3. Egypt's digital divide takes on a complex dimension, intertwined with political instability and government restrictions on internet access. While affordability and limited digital literacy play a role, it's the suppression of online expression and information access that truly raises concerns. This stifles democratic participation and hinders human rights advocacy efforts. Civil society organizations are valiantly pushing for internet freedom and digital literacy programs, but progress hinges on political will and a fundamental respect for online freedoms. Only then can Egypt hope to bridge the digital divide and truly empower its citizens.[iii] 

  4. The three placed cases illustrate the complex and multifaceted nature of this digital divide, which has left its imprint on all aspect's human being's lives. It's a complex problem calling for  multifaceted solutions that show developers isn't just building in the right place. Affording everyone the same right to information should be our first step in developing a truly unified digital world. Second is education. Digital literacy must become common sense and part of basic skills training for all citizens; third are Internet freedoms which can only ensure that people will have open access to knowledge at low cost by monitoring government actions taking place online.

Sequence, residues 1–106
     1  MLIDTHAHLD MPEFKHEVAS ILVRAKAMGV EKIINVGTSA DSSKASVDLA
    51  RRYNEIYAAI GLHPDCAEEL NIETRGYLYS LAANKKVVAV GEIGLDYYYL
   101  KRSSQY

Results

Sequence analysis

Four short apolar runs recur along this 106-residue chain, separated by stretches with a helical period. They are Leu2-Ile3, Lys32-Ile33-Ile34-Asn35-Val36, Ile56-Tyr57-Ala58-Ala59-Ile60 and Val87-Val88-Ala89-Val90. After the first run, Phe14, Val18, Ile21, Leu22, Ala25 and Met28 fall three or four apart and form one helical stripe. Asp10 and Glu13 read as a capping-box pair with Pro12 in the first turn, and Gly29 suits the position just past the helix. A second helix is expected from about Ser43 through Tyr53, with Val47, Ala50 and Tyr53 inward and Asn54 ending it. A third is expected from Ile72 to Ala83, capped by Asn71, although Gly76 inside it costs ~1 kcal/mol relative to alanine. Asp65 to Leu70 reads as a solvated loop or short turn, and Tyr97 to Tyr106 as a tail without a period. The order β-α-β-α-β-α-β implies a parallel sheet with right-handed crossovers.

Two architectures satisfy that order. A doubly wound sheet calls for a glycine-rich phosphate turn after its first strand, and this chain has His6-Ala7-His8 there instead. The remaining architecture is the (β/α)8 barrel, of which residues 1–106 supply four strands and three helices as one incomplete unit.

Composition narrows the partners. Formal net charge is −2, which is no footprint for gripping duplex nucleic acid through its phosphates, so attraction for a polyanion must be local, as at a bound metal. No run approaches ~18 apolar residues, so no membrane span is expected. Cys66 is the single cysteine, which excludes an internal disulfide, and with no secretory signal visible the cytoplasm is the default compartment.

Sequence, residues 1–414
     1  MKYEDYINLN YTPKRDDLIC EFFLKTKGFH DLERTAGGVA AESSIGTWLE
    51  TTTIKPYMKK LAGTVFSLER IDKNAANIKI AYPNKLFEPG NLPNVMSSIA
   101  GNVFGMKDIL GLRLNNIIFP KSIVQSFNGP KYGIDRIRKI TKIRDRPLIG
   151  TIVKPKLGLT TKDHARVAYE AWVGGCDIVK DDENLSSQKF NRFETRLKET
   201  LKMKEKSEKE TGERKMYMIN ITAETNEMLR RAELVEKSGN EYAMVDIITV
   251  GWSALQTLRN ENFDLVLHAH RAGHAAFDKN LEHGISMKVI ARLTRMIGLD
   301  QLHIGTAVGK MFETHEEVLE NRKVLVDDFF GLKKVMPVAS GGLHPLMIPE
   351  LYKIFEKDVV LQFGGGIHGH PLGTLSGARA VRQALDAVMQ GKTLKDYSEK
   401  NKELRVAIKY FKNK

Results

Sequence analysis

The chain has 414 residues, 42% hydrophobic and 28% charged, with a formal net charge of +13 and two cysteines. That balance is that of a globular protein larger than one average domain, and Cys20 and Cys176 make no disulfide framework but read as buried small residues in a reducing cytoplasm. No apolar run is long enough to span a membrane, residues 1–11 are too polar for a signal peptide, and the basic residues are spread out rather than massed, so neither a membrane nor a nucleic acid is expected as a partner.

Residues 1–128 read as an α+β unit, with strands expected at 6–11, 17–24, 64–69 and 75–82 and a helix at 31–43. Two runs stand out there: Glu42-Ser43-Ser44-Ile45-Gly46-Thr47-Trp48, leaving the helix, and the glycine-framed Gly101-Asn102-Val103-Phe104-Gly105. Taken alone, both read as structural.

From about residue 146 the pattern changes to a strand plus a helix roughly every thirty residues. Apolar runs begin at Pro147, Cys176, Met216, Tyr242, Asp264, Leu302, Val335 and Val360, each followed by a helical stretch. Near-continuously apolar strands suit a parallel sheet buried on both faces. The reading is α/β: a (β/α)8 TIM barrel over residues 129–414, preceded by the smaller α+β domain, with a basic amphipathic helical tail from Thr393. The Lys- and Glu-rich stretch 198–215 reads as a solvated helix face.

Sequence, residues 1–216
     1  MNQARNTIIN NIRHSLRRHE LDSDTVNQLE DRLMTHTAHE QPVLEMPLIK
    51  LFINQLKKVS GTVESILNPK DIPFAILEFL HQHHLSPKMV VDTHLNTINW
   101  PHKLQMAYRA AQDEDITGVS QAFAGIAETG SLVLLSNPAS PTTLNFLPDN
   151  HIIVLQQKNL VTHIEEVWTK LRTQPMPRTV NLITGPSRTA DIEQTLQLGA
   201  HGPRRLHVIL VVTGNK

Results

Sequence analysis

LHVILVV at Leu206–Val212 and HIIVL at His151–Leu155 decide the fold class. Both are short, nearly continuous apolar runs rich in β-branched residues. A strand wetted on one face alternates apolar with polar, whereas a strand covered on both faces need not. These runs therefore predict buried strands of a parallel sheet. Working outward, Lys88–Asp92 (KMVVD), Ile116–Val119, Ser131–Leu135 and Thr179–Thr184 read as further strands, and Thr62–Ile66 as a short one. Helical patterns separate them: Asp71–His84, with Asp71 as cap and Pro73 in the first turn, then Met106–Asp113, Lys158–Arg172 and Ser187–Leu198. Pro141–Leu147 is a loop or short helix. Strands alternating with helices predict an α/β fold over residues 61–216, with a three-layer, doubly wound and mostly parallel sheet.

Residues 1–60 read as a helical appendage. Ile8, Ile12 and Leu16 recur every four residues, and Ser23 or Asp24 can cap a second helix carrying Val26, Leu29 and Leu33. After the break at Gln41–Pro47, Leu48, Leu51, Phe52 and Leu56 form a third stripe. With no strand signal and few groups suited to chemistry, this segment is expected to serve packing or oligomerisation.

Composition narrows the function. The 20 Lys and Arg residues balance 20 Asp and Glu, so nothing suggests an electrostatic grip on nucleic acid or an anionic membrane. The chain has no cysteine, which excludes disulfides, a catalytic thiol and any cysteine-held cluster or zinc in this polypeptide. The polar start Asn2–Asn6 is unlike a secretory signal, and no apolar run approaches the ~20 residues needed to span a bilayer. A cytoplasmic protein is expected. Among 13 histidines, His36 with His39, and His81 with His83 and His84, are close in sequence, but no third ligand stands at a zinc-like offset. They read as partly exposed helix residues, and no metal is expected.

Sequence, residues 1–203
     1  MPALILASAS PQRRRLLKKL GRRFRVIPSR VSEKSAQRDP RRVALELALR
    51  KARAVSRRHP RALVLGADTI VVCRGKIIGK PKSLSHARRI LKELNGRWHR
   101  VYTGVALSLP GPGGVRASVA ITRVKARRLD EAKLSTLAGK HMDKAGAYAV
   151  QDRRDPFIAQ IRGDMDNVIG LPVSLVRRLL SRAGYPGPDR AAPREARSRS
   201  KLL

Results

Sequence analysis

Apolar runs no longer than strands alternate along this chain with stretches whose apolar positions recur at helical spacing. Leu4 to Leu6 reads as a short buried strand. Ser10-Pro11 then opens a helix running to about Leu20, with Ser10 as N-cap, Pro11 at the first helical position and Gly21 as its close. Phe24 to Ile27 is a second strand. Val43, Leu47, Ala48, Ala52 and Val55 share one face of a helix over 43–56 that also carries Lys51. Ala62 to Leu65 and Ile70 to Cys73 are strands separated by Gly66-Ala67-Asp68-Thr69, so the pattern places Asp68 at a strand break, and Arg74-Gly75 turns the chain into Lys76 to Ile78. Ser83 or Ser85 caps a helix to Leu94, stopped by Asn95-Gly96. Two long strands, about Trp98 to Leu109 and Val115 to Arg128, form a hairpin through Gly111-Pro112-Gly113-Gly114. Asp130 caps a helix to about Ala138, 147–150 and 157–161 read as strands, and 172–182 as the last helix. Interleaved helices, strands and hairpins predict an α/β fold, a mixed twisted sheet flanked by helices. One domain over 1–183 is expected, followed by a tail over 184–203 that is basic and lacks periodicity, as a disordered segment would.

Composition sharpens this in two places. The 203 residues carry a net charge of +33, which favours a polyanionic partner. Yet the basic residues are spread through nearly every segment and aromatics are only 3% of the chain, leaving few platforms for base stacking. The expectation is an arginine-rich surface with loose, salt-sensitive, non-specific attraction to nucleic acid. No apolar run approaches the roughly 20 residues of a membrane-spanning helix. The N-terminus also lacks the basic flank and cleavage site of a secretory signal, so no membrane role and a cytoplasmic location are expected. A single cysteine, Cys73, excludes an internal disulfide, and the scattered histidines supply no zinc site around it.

5. Being Aware of this problem, the United Nations Human Rights Council (UNHRC) passed a resolution in 2016 to press for ways and means that facilitate promoting, protecting and enjoying human rights on the internet. This resolution recognizes the importance created by the internet in terms of accessing and exercising human rights. It mentions that it is common to find people slipping into poverty or unemployment due to a lack of education and training, especially those living under severe economic hardship when they could hardly afford entering universities; and more often than not their work ends up contributing directly or indirectly to powers hungry for States are called to undertake specific actions in closing the digital divide and providing universal access.[iv] 

The following are some laws that prove how the digital divide can violate human rights:

  1. The right to education, as enshrined in the Universal Declaration of Human Rights (UDHR), ensures that everyone should have access to learning opportunities. However, the digital divide can deprive children of access to online educational resources, such as online courses, textbooks, and libraries, hindering their learning and academic success.